Asset-Based Community Development

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From the Wikipedia:

"The Asset-Based Community Development (ABCD) is a methodology that seeks to uncover and highlight the strengths within communities as a means for sustainable development. The basic tenet is that a capacities-focused approach is more likely to empower the community and therefore mobilize citizens to create positive and meaningful change from within. Instead of focusing on a community's needs, deficiencies and problems, the ABCD approach helps them become stronger and more self-reliant by discovering, mapping and mobilizing all their local assets." (


Responding to critiques of ABCD as neoliberal

John McKnight:

"In responding to a central claim of the MacLeod & Emejulu, paper, upon which their entire argument stands or falls, where they incorrectly assert that ABCD is a capitulation to “individualisation, marketisation and privatisation”, John has this to say:

“There are some people who are myopic – physiologically near-sighted. They can’t see much of what is surrounding them. These authors are stateopic – psychologically near sighted: unable to see the ABCD in plain sight. The clearest manifestation of this malady appears at the bottom of page 431. Here, they say ABCD is a capitulation to values of “individualization, marketization and privatization”. That statement can only be made by people who can’t see what is before them. Therefore, on behalf of 20-20 vision a few basic clarifications:

1. Regarding individualization, throughout ABCD literature and practice is the finding that assets require connections to be useful. And so the field is mainly about connecting people in associative forms to enable productivity. Indeed, the heart of ABCD in writing and practice is opposing individualism and supporting collective action.

The focus of our literature and practice is often about reconnecting citizens who have been disconnected by market consumption and professional dependency.

2. Regarding marketization, somehow the authors missed the current book that Peter Block and I wrote – The Abundant Community (2010). It could only be understood as a whole-hearted attack on consumerism and the disabling impact of modern marketing. If the authors should choose to write an article against marketization, we hereby give them our permission to cite the book numerous times.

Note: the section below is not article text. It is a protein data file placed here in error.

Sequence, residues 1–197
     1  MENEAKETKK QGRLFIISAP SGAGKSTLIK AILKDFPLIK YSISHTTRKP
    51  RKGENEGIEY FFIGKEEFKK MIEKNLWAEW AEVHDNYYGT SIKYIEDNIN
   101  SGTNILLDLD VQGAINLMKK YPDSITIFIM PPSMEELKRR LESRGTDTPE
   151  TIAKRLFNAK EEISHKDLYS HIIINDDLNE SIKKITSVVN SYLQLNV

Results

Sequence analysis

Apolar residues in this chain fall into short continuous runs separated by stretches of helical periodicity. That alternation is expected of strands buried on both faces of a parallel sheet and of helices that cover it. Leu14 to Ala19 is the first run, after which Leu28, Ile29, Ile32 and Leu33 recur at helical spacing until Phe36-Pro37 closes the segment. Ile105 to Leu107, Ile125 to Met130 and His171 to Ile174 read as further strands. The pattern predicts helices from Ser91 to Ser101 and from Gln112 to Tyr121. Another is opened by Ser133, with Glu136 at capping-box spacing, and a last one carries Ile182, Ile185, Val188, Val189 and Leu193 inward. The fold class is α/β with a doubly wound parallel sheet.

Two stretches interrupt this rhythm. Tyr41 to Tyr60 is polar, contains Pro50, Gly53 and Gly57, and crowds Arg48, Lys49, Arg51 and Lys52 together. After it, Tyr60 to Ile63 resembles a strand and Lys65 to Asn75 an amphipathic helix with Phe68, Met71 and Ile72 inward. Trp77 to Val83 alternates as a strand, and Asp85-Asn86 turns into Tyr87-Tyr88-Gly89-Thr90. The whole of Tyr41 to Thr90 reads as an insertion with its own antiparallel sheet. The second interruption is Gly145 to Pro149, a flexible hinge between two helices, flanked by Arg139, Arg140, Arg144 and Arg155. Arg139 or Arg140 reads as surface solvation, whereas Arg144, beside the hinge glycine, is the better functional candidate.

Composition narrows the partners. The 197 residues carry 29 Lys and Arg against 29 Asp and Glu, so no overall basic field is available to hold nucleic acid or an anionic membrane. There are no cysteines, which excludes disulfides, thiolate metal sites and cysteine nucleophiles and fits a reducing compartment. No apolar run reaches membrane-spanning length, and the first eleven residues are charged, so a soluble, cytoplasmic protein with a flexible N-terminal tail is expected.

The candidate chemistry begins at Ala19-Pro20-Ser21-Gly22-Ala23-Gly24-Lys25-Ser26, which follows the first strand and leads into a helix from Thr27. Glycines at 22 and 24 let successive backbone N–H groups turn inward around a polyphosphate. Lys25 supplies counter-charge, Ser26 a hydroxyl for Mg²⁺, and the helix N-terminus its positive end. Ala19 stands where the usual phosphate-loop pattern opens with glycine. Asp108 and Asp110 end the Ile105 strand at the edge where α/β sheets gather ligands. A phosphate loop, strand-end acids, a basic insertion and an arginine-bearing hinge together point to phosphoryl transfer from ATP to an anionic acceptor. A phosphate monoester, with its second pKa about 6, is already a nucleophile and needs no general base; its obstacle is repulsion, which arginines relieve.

3. Finally, regarding privatization, the remarkable reality is that the basic guidebook Building Communities from the Inside Out: A Path Toward Finding and Mobilising Community Assets (1993) rarely mentions the state and never negatively. However, my book, The Careless Society (1995), is an assault on professional dominance as a disabling force in community life, rarely mentioning the state. The authors clearly don’t understand that opposing professional dominance is not opposing the state. Professions are the “services” side of the market that they seem to dislike. But I think I am wrong about them. Like many others, I think they are political advocates of state funded professional dominance. And as we frequently point out in writing, the state has been coopted by advocates of dependency creating, compensatory professional ameliorative interventions, rather than economic reform that relocates income and the power of productivity. The authors even cite my position on income and productivity in the last paragraph of 435.

In summary, as an ABCD founder, let me make clear that our words and practice are about associational and collective life – not individualization. Our words and practice are about productively powerful communities rather than places vanquished by consumerism and marketization, created by corporations and professions that struggle to capture the state. Our words and practice are about productive communities where the state provides support for that productivity and, more importantly, uses its power to provide citizens income equality rather than palliative services and commodities.” (

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